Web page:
persons taken care of, he accidentallyparticipates in the advantage, for the
helmsman is also a sailor,and the trainer becomes one of those in training. And so
inpolitics: when the state is framed upon the principle of equalityand likeness,
the citizens think that they ought to hold office byturns. Formerly, as is
natural, every one would take his turn ofservice; and then again, somebody else
would look after hisinterest, just as he, while in office, had looked after
theirs. Butnowadays, for the sake of the advantage which is to be gained from the
public revenues and from office, men want to be always in office.One might imagine
that the rulers, being sickly, were only kept inhealth while they continued in
office; in that case we may be surethat they would be hunting after places. The
conclusion is evident:that governments which have a regard to the common interest
areconstituted in accordance with strict principles of justice, and aretherefore
true forms; but those which regard only the interest ofthe rulers are all
defective and perverted forms, for they aredespotic, whereas a state is a
community of freemen. VII Having determined
these points, we have next to consider how manyforms of government there are, and
what they are; and in the firstplace what are the true forms, for when they are
determined theperversions of them will at once be apparent. The words constitution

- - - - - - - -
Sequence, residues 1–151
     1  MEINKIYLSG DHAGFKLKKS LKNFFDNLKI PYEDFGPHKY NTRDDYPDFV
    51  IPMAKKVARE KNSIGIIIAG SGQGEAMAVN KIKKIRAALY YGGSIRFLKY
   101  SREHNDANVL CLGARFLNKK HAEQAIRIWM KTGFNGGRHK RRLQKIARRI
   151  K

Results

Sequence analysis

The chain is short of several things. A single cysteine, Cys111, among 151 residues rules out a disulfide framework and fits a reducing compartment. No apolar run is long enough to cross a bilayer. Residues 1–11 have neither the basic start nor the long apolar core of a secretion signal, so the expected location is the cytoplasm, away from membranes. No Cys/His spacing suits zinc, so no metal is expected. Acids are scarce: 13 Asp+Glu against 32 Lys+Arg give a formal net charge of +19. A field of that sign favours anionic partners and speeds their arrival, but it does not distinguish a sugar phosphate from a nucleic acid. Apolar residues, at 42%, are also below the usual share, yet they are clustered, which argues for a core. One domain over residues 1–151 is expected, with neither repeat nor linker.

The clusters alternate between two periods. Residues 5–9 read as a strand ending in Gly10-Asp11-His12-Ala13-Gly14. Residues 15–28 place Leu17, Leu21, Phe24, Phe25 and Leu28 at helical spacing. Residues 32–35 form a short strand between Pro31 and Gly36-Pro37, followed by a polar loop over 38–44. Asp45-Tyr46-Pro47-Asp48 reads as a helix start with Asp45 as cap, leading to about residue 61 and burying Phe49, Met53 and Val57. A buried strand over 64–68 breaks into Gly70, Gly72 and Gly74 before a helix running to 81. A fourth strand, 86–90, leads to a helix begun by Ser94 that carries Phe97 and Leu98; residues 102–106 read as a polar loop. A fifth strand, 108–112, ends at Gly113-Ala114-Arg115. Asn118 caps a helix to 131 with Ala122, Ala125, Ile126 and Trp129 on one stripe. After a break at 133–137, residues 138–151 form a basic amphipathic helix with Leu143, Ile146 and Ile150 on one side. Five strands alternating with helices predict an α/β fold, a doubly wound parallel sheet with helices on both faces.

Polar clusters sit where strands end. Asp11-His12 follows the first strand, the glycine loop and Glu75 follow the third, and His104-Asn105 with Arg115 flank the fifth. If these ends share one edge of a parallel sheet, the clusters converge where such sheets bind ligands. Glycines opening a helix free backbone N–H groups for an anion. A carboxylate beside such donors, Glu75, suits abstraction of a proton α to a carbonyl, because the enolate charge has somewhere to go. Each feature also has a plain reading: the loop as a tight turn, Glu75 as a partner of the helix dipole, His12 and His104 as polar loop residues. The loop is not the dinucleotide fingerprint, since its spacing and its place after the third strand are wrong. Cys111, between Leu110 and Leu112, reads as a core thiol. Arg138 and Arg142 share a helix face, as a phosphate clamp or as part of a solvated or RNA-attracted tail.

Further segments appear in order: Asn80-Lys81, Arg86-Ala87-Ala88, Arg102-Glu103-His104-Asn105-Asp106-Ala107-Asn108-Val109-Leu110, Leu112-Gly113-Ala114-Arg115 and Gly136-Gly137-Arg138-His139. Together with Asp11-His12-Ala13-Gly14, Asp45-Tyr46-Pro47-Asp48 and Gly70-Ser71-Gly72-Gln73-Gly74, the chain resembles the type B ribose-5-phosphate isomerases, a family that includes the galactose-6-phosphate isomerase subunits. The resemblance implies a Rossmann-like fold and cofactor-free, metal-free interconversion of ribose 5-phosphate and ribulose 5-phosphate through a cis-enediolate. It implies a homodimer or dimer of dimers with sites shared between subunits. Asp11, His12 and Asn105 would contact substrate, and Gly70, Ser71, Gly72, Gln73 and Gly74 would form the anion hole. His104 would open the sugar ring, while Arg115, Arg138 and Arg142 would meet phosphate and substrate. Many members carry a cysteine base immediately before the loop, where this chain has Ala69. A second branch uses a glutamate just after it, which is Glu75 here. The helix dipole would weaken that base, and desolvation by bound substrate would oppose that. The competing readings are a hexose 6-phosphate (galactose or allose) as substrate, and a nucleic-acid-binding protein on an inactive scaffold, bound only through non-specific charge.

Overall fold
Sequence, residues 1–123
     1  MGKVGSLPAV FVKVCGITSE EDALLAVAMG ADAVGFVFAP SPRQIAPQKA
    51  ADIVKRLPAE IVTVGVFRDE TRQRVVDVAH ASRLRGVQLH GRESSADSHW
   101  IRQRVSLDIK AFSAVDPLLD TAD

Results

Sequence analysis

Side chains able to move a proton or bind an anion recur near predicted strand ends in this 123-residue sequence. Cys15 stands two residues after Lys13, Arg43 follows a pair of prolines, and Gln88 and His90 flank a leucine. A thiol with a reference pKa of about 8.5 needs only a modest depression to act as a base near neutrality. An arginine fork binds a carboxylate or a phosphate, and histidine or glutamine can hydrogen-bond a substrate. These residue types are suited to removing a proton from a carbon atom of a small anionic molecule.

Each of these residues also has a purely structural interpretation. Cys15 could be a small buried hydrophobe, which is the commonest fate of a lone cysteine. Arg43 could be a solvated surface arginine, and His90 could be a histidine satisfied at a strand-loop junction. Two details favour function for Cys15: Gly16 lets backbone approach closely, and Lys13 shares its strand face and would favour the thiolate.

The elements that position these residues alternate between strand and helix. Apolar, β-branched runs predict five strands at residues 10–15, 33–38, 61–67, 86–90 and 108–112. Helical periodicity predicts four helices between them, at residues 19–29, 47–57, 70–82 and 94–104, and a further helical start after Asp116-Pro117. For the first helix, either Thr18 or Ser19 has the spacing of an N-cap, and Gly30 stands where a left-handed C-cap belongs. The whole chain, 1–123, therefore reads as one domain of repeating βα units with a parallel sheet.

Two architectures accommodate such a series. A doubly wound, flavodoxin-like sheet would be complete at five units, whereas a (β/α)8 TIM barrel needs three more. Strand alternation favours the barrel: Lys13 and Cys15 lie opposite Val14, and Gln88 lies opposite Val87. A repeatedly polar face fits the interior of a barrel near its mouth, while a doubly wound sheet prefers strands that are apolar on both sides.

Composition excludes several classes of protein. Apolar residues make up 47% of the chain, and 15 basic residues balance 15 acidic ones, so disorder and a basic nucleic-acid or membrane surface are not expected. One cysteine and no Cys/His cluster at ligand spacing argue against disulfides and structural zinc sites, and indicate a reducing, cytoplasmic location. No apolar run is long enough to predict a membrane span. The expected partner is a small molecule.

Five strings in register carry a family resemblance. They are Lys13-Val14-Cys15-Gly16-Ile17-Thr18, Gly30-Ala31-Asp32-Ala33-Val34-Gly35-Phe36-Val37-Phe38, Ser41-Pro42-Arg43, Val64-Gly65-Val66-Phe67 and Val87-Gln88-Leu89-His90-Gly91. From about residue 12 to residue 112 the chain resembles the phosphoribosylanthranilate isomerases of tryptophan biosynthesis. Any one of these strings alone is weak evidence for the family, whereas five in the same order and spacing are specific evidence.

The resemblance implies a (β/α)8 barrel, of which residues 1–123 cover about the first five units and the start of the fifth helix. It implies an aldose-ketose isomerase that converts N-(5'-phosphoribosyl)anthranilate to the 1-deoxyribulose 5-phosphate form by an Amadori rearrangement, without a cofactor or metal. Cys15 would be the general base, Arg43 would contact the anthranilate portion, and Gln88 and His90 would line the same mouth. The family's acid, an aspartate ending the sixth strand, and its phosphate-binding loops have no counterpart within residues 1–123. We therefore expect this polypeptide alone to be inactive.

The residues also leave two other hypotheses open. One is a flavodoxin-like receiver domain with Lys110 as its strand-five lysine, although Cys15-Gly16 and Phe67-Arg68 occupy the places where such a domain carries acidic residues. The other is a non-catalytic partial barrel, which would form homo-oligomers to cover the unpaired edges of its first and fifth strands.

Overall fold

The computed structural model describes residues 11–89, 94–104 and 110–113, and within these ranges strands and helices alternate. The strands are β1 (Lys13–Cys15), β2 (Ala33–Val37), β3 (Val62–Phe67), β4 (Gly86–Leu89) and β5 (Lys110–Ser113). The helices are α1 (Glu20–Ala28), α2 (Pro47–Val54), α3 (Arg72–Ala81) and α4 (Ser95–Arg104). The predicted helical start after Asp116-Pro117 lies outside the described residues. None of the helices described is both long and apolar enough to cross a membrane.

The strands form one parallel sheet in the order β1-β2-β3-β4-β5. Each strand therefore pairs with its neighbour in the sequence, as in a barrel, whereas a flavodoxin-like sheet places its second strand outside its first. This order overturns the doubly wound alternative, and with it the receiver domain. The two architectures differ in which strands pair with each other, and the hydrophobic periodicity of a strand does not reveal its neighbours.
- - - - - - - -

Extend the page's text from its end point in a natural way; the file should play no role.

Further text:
and government have the same meaning, and the government, which is thesupreme
authority in states, must be in the hands of one, or of a few,or of the many. The
true forms of government, therefore, are thosein which the one, or the few, or the
many, govern with a view to thecommon interest; but governments which rule with a
view to the privateinterest, whether of the one or of the few, or of the many, are
perversions. For the members of a state, if they are truly citizens,ought to
participate in its advantages. Of forms of government inwhich one rules, we call
that which regards the common interests,kingship or royalty; that in which more
than one, but not many,rule, aristocracy; and it is so called, either because the
rulersare the best men, or because they have at heart the best interestsof the
state and of the citizens. But when the citizens at largeadminister the state for
the common interest, the government is calledby the generic name- a constitution.
And there is a reason for thisuse of language. One man or a few may excel in